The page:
New US forest protections, old-growth inventory 2023

Federal officials planned to announce Thursday that the Biden administration has identified more than 175,000 square miles (453,000 square kilometers) of old growth and mature forests on U.S. government land and will create a new rule to protect them from fires, insects, and other climate change effects.

The Associated Press previewed the government’s first nationwide inventory of mature and old-growth federal forests.

According to the inventory, U.S. Forest Service and Bureau of Land Management holdings have over 50,000 square miles (129,000 square kilometers) of old growth forests and 125,000 square miles (324,000 square kilometers) of mature woods.

The Biden administration has identified 175,000 square miles of old-growth and mature forests on federal lands.

More than half of the two agencies’ forested terrain is greater than California. Officials warn climate change intensifies wildfires, drought, disease, and insects, destroying some forests and putting older trees under pressure.

“Older forests are struggling to keep up with climate change,” said USDA Under Secretary for Natural Resources and the Environment Homer Wilkes. “Adapt quickly.”

Last year on Earth Day, President Joe Biden announced his plans to safeguard older forests, which the lumber sector and several lawmakers questioned.

They’ve urged the administration to focus on clearing stands of trees where decades of fire suppression have enabled undergrowth to bloom, which can make fires worse.

This week, Senate committee members from both parties pressed Forest Service Chief Randy Moore to speed up federal forest thinning.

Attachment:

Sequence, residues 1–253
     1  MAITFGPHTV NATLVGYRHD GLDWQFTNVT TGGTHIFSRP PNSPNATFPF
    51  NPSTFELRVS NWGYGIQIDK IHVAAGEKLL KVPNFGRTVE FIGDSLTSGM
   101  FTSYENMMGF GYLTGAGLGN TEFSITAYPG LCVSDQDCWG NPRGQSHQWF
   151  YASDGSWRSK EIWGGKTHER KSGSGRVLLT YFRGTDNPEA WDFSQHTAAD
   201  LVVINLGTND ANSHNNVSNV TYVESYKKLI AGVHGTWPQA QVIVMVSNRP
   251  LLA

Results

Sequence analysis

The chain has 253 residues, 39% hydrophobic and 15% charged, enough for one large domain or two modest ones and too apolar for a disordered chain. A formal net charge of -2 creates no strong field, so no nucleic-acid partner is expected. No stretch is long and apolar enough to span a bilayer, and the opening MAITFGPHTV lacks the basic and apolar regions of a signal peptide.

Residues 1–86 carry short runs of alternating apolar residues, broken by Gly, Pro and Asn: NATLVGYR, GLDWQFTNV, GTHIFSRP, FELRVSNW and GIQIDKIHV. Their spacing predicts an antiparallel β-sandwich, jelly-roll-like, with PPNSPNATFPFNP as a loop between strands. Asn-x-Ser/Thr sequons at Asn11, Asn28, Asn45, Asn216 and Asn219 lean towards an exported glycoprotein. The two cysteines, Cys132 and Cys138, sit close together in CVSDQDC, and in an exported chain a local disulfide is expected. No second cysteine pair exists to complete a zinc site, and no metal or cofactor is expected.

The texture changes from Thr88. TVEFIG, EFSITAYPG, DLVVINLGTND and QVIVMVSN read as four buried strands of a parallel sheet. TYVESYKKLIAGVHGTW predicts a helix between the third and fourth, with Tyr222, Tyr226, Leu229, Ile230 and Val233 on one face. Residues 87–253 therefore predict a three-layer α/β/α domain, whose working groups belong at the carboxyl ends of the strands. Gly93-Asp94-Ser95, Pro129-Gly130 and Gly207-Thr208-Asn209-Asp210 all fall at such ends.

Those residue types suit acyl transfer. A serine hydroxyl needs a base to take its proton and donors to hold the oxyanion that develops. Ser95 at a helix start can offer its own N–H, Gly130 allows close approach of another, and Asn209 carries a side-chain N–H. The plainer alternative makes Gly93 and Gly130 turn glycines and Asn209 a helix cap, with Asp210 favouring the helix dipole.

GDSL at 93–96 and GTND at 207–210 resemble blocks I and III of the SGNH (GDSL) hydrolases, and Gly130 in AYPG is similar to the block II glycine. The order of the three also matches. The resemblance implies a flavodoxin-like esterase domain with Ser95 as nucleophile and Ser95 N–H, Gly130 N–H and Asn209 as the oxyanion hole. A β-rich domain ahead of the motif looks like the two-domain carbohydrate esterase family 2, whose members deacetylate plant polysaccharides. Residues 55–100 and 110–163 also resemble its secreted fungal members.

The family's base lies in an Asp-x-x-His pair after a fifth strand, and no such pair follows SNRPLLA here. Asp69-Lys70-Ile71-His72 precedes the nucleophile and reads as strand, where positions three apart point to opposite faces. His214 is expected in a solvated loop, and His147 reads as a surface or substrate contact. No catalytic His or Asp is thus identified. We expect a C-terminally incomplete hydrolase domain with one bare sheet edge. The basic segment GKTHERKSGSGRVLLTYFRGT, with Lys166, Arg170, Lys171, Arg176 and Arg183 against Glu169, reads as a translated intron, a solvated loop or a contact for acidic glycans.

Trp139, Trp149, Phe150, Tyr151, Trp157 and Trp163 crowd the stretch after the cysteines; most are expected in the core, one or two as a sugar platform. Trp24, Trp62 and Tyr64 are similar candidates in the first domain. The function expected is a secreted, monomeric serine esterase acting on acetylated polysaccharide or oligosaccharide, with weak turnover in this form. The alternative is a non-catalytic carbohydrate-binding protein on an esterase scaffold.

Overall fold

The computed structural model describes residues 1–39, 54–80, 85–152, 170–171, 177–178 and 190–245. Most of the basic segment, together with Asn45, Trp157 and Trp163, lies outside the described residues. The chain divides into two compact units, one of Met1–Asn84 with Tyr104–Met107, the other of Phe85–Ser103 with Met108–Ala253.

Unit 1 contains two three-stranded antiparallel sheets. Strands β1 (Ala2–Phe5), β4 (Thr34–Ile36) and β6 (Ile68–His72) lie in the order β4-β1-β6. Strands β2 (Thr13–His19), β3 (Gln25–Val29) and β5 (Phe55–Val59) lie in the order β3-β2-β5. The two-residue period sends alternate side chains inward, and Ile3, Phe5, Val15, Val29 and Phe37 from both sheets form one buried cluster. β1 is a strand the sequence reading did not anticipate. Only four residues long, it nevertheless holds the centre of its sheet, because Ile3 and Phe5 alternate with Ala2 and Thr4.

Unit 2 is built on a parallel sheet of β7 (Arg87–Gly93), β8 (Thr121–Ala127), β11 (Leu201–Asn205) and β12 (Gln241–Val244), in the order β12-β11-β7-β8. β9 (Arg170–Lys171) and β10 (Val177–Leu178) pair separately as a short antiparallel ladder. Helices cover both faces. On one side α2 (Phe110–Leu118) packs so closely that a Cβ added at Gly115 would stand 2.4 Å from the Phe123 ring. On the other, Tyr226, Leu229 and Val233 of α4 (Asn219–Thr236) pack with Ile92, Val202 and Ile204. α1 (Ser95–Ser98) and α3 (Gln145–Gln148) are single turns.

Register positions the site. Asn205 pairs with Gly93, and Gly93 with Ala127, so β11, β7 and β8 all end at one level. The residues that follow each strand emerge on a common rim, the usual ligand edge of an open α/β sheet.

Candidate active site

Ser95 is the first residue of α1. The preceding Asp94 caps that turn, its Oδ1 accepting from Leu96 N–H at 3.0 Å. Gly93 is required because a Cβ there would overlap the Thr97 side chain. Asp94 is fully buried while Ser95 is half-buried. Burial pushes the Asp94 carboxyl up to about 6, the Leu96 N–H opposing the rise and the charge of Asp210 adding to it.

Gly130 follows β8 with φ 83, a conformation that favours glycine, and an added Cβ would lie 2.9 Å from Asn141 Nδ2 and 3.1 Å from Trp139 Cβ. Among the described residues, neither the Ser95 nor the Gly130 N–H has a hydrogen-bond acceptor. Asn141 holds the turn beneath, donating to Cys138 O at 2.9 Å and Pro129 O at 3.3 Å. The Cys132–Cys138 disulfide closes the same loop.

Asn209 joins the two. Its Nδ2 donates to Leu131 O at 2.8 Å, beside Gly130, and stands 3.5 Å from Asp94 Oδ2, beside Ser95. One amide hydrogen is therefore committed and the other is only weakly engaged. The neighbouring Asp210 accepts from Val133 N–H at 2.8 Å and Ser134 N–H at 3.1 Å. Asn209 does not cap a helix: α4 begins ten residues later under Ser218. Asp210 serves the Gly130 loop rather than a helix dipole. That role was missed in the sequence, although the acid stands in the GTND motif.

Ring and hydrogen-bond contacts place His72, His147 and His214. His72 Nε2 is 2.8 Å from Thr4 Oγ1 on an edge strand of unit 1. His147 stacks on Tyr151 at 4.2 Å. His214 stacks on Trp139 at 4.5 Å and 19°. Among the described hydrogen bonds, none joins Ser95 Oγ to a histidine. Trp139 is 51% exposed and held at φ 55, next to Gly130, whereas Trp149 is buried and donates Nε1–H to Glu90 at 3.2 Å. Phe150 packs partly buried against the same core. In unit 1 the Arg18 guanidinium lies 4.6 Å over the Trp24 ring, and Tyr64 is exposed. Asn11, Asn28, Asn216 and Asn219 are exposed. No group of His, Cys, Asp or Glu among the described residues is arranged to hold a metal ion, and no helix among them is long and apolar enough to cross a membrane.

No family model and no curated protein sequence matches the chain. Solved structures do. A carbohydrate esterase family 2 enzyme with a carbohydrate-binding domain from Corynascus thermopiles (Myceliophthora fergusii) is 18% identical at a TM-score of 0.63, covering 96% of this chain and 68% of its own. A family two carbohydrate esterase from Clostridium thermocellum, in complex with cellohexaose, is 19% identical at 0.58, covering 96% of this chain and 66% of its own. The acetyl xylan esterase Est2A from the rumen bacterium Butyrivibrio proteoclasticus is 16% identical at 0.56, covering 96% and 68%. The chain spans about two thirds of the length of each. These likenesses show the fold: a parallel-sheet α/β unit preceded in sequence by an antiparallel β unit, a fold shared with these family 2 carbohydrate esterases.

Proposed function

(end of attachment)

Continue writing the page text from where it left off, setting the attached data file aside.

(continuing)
Moore was grilled by Wyoming Republican Sen. John Barrasso, who warned that the administration’s conservation initiatives may “lock Americans out of the public lands” by banning timber harvests and other uses.

Most Lower 48 old growth woods were logged in the last two centuries. The 2001 “roadless rule” under previous President Bill Clinton prevented logging on 25% of federal forests, indirectly protecting elder trees.

“There’s a significant amount of mature and old growth trees that are already protected,” said Nick Smith of the American Forest Resource Council, a timber industry group. “We’re not calling for active management on environmentally sensitive landscapes, but at least where we can do thinning and wildfire mitigation fuels reduction. Federal land managers should already do that.”

Thursday, administration officials requested comments on a draft rule to “adapt current policies to protect, conserve and manage national forests and grasslands for climate resilience.”

The federal register would publish a formal rulemaking notice soon. Details were withheld.

Environmental groups pressed the administration to restrict forest logging of older trees.

Earthjustice’s Blaine Miller-McFeeley said a new rule would allow some logging but emphasize conservation and recreation.

“We are still logging old growth and mature forests here at home,” Miller-McFeeley remarked. The concentration has been on board feet harvested. It has not focused on which trees are most scientifically sensible to bring down for climate, community protection from wildfires.”

Gambel oaks were 80 years old, bristlecone pines 300 years.

Idaho, California, Montana, and Oregon have most old-growth woods. An online Forest Service map shows them throughout New England, the Great Lakes, and southern states including Arkansas, Kentucky, and West Virginia.

According to the inventory, pinyon and juniper trees dominate the largest old growth forests, covering 14,000 square miles (36,000 square kilometers).

Alaska federal areas under old growth analysis were excluded from the inventory.

Experts claim huge trees can store large amounts of carbon dioxide and prevent it from warming the globe.

Recent California wildfires that killed thousands of enormous sequoias underscore the issue’s severity. In 2021, lightning-sparked wildfires killed thousands more of Earth’s biggest trees. They live in 70 Sierra Nevada groves on the west side.

According to the Copernicus Atmosphere Monitoring Service, 2021 wildfires released 7.1 billion tons (6.4 billion metric tons) of carbon dioxide. The International Energy Agency reported 18% of world coal, oil, and other energy source CO2 emissions in 2021.

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